header photo Mesa 10/9/2018 10:00:00 AM
News / Finance

Protecting Your Practice & Your Clients

Client Centric Fiduciaries Play It By The Book

There’s a contention in the marketplace that fee only, non commission financial advisers have eliminated the conflict of interest they were subject to by taking a flat fee approach to assets and financial planning as well as billable hours for specific work required outside their normal fee schedule. For the most part this is the closest mindset to client centric asset management currently offered for investors. But keep in mind that some commission products can perform better than their fee-based counterparts, so it’s important to shop the market for the best deal.

Putting the client first seems so elementary, almost adolescent in nature for a steward of someone else’s finances. There are rules that govern the client engagement practices and its compensation. But the department of Labor introduced new legislation that would tighten definitions and the rules of engagement to steer the industry towards a more client centric environment and subsequently weed out financial advisers and insurance agents who are not properly licensed or lack oversight. The industry feels the regulation is too heavy handed and consumers are unaware of its impact.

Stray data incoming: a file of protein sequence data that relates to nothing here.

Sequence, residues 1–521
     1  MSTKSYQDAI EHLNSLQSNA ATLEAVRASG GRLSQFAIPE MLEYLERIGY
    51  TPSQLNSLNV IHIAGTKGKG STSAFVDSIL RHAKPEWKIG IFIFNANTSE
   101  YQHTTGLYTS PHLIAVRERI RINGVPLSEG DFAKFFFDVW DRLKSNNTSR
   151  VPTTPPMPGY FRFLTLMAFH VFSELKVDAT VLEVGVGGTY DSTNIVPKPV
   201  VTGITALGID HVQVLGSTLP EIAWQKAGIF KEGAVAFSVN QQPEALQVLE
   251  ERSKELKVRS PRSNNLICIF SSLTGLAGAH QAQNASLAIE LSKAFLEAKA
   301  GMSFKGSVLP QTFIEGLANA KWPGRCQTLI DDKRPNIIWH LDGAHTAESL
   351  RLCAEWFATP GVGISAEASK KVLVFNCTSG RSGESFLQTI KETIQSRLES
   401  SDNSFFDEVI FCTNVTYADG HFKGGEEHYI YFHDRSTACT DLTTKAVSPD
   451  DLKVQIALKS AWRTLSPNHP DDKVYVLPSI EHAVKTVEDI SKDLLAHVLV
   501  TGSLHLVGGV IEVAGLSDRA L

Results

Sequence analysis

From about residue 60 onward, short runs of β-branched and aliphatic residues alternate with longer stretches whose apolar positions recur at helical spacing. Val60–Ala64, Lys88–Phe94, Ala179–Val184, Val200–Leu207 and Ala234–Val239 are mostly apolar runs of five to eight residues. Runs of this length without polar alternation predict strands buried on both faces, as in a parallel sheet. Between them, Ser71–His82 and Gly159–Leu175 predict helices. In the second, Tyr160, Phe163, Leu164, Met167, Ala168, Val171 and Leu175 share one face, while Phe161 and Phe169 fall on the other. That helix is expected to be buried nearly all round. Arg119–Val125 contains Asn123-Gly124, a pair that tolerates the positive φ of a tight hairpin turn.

There will always be bad financial advisers and insurance agents, who cause the government to enact laws to protect the consumer. And while the intentions of the law may be good, the results can hurt honest practitioners and create advise that is not in the best interest of the client.  Most financial professionals are in good standing with their state’s insurance and/or security regulators. And good fiduciaries play by the book with best practices in mind and their client interests at the forefront of their thinking. Good advisers are product agnostic and are unaffected by compensation. They are true stewards of their client’s finances. 

In addition to the required paperwork involved with the purchase of securities and insurance products, a new level of best practices includes a client engagement letter outlining the expectations of the financial professional and the prospective client. It spells out the expectations of both parties with scheduled performance reviews and accountability that can include remedies for nonperformance. Every client should require good references, clean regulatory resumes and a personality fit for their financial professional, so both can experience the relationship benefits.